MP: What would you say to a gay couple in a stable, loving relationship?
TR: A gay relationship is not what the Bible spells out as being stable or right. For that reason it’s not okay for me, but then neither is any adulterous relationship. It’s like divorce; the Bible says God hates divorce, but what we must understand is – he in no way hates those who are caught in it. He so loves them that he sacrificed his life for them. He just hates the stuff that takes away from wholeness and spiritual and emotional health. That’s Isaiah 61, “He came to heal the broken hearted.”
MP: What about conscience-based social service refusal?
TR: I believe it is absolutely wrong to not allow doctors the right of refusal to perform abortions if it goes against their convictions. For one thing we will lose many good doctors if this is forced upon them. Many will opt to give up their practice if they are made to go against their religious and ethical convictions when it comes to the sanctity of life and preserving it.
MP: Teaching creationism or intelligent design in public schools?
TR: I used to be a secondary school science teacher before I entered the ministry. I taught it both ways and let my students make up their own minds. I think that’s part of the intellectual process. I for one actually came to my belief in God through science. I can’t see how anyone can closely look at the creation and miss that fact that there must be a creator. Darwinism is a theory. The Bible is based on faith. When a theory attempts to undo or disprove faith, that’s a problem for me. The fact is, though, from my own experience I believe God is much bigger than the bias of a teacher. If parents and the church are doing their job effectively children will eventually discover the truth concerning God and the universe no matter what the world throws at them.
MP: Moments of silence in schools?
TR: Honestly I think in this day and age prayer in schools is a non-issue. A family has to take their responsibility seriously when it comes to teaching faith and values. When I sent my kids to public schools I sent them to get an education. Frankly I didn’t want non-Christian or even nominal-Christian teachers leading them in prayer or teaching them the Bible.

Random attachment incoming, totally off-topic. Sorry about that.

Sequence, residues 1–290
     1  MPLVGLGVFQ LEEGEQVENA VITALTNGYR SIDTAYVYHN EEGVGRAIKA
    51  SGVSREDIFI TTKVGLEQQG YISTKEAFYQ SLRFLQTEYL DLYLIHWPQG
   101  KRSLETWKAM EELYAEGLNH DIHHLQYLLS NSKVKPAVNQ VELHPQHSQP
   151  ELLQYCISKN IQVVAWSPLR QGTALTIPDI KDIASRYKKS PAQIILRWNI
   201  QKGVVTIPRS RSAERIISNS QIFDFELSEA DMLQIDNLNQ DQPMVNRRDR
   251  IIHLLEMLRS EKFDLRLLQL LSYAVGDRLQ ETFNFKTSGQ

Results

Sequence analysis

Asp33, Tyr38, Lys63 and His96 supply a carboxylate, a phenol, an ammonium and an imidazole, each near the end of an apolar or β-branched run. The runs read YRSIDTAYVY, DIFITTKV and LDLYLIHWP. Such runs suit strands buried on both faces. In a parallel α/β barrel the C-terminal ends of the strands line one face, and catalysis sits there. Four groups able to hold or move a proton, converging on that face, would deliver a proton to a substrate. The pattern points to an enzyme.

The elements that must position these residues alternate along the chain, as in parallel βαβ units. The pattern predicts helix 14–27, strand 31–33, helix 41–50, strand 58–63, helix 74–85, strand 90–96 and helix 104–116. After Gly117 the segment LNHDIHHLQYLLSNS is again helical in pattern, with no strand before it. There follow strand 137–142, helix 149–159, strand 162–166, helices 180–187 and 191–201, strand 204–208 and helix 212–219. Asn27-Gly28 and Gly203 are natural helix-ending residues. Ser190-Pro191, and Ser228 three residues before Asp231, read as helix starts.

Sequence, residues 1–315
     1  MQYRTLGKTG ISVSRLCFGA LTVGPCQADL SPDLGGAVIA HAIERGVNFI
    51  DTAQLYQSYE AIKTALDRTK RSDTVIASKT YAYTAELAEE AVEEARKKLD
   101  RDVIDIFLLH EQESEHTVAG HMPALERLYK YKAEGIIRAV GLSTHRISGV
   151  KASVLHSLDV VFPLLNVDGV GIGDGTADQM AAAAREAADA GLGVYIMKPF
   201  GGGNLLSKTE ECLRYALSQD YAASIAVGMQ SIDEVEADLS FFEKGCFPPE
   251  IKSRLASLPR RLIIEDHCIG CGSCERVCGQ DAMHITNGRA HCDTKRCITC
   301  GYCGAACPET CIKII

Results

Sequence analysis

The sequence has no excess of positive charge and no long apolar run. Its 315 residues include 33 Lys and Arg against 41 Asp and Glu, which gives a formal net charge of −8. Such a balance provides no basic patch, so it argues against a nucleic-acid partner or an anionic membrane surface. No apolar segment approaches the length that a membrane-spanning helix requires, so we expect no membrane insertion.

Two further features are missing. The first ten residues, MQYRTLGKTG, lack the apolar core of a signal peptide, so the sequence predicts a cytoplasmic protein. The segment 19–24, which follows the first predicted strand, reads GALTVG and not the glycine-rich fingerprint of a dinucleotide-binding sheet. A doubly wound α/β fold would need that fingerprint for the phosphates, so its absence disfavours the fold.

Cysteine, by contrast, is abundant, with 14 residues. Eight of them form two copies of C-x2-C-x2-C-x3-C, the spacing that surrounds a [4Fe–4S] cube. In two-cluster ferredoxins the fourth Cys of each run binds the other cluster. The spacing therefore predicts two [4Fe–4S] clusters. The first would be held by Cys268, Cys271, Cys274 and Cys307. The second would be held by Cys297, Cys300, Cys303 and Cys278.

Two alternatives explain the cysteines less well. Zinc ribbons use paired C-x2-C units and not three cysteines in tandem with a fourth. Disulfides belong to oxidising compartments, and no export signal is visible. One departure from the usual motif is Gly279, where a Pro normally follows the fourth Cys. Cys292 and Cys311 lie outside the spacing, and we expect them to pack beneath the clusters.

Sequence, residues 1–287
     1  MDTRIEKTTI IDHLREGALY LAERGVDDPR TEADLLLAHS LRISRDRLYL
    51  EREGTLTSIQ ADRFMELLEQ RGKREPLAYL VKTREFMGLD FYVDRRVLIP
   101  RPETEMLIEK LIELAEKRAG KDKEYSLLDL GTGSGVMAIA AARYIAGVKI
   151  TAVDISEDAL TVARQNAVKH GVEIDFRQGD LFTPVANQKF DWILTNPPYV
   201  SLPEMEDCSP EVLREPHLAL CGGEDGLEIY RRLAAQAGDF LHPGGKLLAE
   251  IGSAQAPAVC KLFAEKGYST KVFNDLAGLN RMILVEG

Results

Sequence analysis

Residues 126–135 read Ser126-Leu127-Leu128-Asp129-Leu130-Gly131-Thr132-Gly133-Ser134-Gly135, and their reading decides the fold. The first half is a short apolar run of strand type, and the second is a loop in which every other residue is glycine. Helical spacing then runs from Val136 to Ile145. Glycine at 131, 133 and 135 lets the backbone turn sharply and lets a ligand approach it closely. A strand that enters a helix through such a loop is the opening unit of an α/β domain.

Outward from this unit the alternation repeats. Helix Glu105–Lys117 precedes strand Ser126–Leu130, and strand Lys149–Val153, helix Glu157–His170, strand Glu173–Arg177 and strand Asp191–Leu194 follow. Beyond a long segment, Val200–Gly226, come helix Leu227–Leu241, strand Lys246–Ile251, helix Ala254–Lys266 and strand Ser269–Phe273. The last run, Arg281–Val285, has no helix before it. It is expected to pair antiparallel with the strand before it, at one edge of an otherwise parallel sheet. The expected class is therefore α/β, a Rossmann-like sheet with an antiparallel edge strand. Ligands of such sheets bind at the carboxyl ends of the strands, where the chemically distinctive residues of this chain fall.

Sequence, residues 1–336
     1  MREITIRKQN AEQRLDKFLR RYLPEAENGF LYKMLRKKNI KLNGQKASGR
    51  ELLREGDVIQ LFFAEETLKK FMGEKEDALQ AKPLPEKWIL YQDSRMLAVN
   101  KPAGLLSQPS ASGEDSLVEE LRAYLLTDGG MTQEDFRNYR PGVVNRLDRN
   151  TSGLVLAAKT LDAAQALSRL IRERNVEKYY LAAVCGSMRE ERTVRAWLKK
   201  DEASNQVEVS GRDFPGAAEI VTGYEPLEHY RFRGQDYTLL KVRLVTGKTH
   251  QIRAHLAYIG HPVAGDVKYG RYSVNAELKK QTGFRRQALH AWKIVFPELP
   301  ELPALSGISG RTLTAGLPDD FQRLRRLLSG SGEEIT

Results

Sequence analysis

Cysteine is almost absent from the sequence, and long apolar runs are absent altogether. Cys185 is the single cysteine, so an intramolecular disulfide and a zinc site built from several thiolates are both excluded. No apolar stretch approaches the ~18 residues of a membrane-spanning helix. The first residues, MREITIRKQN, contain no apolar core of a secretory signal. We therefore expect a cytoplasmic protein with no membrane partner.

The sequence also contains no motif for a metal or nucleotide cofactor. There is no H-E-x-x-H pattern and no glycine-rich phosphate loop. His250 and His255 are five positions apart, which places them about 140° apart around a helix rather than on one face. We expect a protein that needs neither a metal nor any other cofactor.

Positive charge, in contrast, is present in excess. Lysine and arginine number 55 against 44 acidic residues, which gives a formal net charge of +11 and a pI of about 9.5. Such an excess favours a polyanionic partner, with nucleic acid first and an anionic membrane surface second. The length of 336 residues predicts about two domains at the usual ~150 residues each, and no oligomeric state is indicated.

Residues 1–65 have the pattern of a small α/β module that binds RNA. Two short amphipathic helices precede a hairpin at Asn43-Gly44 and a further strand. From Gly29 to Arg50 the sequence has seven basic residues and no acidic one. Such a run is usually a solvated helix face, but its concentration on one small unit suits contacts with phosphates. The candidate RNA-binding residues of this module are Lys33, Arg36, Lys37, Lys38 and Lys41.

MP: Religious symbols in public places?
TR: It’s ridiculous to take those away. A framed copy of the Ten Commandments in a courtroom is a statement that our country cares about justice and was established in Godliness. If nothing else, it is an historical document. It is another case of the small loud minority imposing their prejudice on the majority.
MP: What about other religions having their symbols?
TR: Forcing a population to take down religious symbols is discrimination and the thought of it offends me. Historically every time a government has forced that issue on its population it has lead to socialism, communism and in the end, bondage and pain.
While eating lunch around a small restaurant table in Phoenix during the national conference, I began to share with close friends a dream that my wife Nancy had six months earlier. As I started to speak I was shocked and embarrassed by an unanticipated wave of emotion that both flooded my eyes and choked my words. Just minutes before I had been hilariously laughing about who knows what. But in that moment the presence of the Spirit came unannounced, yet was clearly evident to everyone at the table. It was crazy and I could hardly get through the retelling of Nancy’s dream.
Roy Conwell, Steve Fish and Glenn Schroder have been close friends of mine since the earliest days of the Vineyard. Actually we’ve been more than friends; we’ve been comrades in a quest to build churches and a movement we’ve believed in and sacrificed for. At one point, we worked together to build our region and at other times we co-labored on outreaches in the developing world. Throughout the years we have built a rich relationship of trust. Although we have never used the terminology before, in truth we have become spiritual brothers. As I shared with these guys, I suddenly realized that Nancy’s dream has special meaning and feeling for people like us who have loved the Vineyard and all it has stood for these past thirty years. I guess that is something to be emotional about.
Back to the dream that happened last fall. Nancy woke early one morning and shared that she’d had a significant dream. In her dream she was sitting at our dining room table having tea with an English woman and an Asian woman. As they fellowshipped together the English woman’s nose began to bleed causing Nancy to hand her a tissue and pray for her. At that point the woman looked up at Nancy and said, “I have a word for your husband; go tell him that the brothers are coming.” At that point the two of them joined together and started praying for the Asian woman. All three women began to shake as the Holy Spirit fell upon them.